In the heart of Edinburgh, Scotland lies the Royal Mile. While taking a stroll down the street, some are instantly drawn to its rich history. Situated at the foot of the Edinburgh Castle, the street is filled with haunted closes and antique shops selling tea sets and paintings. Others see the Royal Mile merely as a tourist trap filled with souvenir shops. Hooded sweatshirts and shot glasses line windows while bagpipe music blasts from overhead speakers. However, to the fashion-savvy Scottish crowd of all ages, the Royal Mile is a catwalk overflowing with effortlessly cool style.
Scottish women know how to spice up an ensemble for any occasion, whether they are quickly running out to buy fresh fruit for tomorrow’s breakfast or grabbing a drink with friends at the local pub. While East Lansing’s own Grand River Avenue may not have the same prestige, it is the best place for MSU students to strut their stuff in clothing straight out of the United Kingdom.
Go ahead, ditch the “do’s and don’ts” of fashion
[cheerala1]”European women are much more fashion-forward. They don’t care about rules and wear whatever they want,” political science and journalism senior Vee Cheerala said. “If you were to [ditch fashion rules] here, people would be like, ‘What are you wearing?'” she said, adding students should be more daring.
Ruth Walker of The Scotsman, a Scottish newspaper, examined style among different generations in her June 2007 article, identifying that while all ages are open to experiment with clothing, those in their 20s have the most freedom. “At this age, you can also get away with retro touches, a skinny tie here, a cardigan there, without looking as though you wore them the last time they were fashionable,” personal shopping consultant Kevin Stewart told Walker. It seems while 20-somethings in Scotland add panache to their wardrobe without a second thought, MSU students often hesitate to venture past the basic staples: a hooded sweatshirt and jeans.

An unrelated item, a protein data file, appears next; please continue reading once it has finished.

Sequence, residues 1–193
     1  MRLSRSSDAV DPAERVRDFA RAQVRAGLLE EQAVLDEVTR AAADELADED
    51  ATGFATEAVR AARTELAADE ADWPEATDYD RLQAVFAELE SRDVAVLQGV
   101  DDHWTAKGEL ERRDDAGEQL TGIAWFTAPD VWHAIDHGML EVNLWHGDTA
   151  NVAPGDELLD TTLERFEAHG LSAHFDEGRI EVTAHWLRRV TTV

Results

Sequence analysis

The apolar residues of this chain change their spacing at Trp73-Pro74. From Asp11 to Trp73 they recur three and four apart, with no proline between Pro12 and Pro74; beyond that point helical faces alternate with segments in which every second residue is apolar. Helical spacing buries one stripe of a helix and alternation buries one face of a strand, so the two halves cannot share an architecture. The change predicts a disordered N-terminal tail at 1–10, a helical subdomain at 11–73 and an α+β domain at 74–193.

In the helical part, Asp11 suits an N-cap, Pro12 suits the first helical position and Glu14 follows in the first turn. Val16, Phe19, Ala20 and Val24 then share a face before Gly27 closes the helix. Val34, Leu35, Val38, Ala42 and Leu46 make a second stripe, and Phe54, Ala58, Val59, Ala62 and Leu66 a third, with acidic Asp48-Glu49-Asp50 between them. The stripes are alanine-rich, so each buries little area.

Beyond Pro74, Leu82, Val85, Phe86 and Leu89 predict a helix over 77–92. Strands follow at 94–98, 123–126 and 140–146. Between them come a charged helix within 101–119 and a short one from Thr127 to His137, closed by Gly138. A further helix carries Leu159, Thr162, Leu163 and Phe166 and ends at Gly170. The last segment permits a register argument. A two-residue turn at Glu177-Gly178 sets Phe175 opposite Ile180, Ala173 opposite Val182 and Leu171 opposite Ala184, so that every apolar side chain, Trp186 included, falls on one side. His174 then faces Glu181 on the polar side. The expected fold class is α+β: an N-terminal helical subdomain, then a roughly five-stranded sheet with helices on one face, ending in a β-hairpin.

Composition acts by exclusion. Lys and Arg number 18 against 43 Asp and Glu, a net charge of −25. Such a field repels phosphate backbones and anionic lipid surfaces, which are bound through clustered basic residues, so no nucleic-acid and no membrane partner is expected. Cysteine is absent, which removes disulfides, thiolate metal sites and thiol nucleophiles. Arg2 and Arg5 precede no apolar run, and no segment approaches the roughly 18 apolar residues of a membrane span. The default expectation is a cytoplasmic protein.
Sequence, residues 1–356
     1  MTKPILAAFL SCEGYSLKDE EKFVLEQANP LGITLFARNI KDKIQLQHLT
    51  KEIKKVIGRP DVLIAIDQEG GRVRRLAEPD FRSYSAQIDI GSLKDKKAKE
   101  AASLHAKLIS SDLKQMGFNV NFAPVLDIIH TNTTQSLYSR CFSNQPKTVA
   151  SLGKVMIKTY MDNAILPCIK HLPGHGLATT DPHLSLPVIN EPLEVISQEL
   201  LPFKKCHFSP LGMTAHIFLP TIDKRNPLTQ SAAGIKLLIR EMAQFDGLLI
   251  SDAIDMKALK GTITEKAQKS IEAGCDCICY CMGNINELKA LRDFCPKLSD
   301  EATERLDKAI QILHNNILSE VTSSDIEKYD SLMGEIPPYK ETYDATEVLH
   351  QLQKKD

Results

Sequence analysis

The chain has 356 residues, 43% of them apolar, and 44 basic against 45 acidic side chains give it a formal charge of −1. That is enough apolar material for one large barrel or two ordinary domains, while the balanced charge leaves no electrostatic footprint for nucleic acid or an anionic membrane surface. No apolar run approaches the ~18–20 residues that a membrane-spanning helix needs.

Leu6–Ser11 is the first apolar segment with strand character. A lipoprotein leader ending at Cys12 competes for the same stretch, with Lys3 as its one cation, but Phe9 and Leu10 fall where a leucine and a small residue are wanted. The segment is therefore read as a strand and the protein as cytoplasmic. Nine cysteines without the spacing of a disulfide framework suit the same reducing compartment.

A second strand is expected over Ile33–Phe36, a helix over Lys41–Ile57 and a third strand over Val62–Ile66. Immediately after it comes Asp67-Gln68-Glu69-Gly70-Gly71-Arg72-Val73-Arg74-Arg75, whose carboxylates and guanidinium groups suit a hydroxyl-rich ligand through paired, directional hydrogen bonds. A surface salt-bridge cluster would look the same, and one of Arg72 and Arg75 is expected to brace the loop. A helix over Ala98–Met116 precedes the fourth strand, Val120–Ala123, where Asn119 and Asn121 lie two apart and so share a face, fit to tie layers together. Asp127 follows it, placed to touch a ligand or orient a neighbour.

Here are a few ways to take on the plaid-clad UK right here in E.L. It’s time to turn Grand River Ave. into our own version of the Royal Mile.
Spandex goes beyond step aerobics
The comeback of the spandex trend in the United Kingdom was recognized by Nicole Jackson of the UK newspaper,The Observer, who stated in a Jan. 2006 article that “everywhere you look, hip young things are prancing around with nothing buy a slip of tight black Lycra separating their leg-flesh from the elements.”
Spandex leggings and tights have been increasing in popularity in past years, a testament to their timeless appeal and versatility. They can easily be paired with tops and frocks of various lengths. This is a common look both in Edinburgh and at MSU, so be sure to jazz up your ensemble with bright colors, bangles and boots. Urban Outfitters is known for carrying a collection of clothes made just for this style. Lux, a brand sold at the store, delivers the look time after time. The Lux Tank Dress, sold for $38, is simple and perfect for pairing with tights or leggings of all colors. The short cut and scoop neck can be complimented with flats for class or fancier footwear for a night on the town.[edin3]
While black spandex is seen in the UK, Scottish women often opt to bring a piece of personal flair to the look by adding distinct color. “I was sitting in a park near the castle and saw a ton of girls wearing dresses with bright colored spandex underneath. It grabbed the attention of a few Scottish guys, who were looking and calling them ‘trendys!'” said journalism junior Karen Cassidy, who was in Edinburgh in June on a study abroad program.
Pashmina, please